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review 2016-03-21 10:37
Review: Missing in Malmö (Inspector Anita Sundström #3) by Torquil MacLeod
Missing in Malmö - Torquil MacLeod

Publisher: McNidder & Grace Crime (10th December 2015)

 

ISBN: 978-0857161154

 

Source: Publisher provided review copy

 

Rating: 5*

 

Synopsis:

When a British heir hunter fails to return home after a trip to Malmö, Inspector Anita Sundström doesn't want to get entangled in a simple missing person's case. She shows a similar reluctance when her ex-husband begs her to find his girlfriend, who seems to have disappeared. But when the mysteries take a sinister turn, Sundström finds herself inextricably involved in both baffling affairs, one of which seems to be connected to a robbery that took place twenty years earlier. As the cases begin to unravel, tragedy awaits the investigating team in the third Anita Sundström Malmö mystery.

 

Review:

Having read and enjoyed the first two Anita Sundström mysteries, I was eagerly looking forward to this third instalment. Torquil MacLeod has an engaging writing style that is easy to read and draws you from the outset.

 

The two missing persons cases that form the plot are both intriguing and confounding, and as Anita and her team delve further, some astonishing facts are revealed. Just when I thought I knew who had done what, another revelation was revealed. There are more twists and turns here than your average rollercoaster!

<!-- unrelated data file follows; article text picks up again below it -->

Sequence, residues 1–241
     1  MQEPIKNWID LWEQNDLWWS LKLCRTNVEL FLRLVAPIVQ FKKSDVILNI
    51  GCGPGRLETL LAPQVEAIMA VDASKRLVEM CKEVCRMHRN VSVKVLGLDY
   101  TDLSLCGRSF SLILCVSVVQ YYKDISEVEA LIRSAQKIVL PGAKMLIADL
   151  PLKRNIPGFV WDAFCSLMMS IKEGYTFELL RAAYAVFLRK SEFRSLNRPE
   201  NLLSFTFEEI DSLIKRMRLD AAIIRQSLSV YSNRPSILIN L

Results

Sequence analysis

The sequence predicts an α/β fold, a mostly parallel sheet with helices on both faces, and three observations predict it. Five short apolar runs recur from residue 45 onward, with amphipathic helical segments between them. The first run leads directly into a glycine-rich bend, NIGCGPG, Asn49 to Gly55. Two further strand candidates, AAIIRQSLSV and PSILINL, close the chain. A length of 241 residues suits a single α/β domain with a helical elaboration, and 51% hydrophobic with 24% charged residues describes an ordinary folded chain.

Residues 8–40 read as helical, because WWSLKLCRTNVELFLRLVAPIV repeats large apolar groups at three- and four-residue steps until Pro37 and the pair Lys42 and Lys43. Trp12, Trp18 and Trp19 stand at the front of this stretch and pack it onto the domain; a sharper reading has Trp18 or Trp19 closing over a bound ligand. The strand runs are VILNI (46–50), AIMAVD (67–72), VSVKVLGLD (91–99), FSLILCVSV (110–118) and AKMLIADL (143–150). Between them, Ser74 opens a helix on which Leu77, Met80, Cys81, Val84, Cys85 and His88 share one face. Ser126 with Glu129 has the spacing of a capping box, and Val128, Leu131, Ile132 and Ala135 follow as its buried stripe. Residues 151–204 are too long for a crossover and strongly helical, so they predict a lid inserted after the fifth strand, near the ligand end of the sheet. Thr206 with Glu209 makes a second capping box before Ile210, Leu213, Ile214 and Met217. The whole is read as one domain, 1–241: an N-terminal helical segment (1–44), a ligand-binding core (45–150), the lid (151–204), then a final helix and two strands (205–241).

Feisty Anita Sundström is one of the most fascinating characters I've come across in the last couple of years, so getting to learn more about her personal story in Missing in Malmö was a much appreciated bonus to this fantastic story. Her trip to the UK, accompanied by her amusing perceptions of British mannerisms, adds a touch of humour that is both welcome and unexpected.

 

Thanks to McNidder & Grace for the review copy, which was provided in return for my honest review.

 

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review 2015-01-19 23:34
Someone to Watch Over Me
Someone to Watch Over Me: A Thriller (Thora Gudmundsdottir) - Yrsa Sigurdardottir

By Yrsa Sigurdardottir
ISBN: 9781250051479
Publisher: St Martin's Press/Minotaur
Publication Date: 2/17/2015
Format: Other
My Rating: 4 Stars

 

A special thank you to St. Martin's Press, Minotaur Books, and NetGalley for an ARC in exchange for an honest review.

SOMEONE TO WATCH OVER ME, Yrsa Sigurdardottir’slatest complex crime thriller (Thora Gudmundsdottir #5 Series)reminding you of the classic, One Flew Over the Cuckoo's Nest,with this multi-layered dark spine-chilling psycho- Nordic noir.

Set in Iceland, a fire, an arson eighteen months earlier. A young man, Jakob with Down's Syndrome had been convicted of burning down a residential assisted living facility and killing five people.

A fellow inmate of the Secure Psychiatric Unit (SPU) at Sogan has requested Thor’s assistance, and says Jakob is his friend. He is twenty years old and may spend the rest of his life here. Karlsoon says Jakob did not do it, and wants Thora to prove it.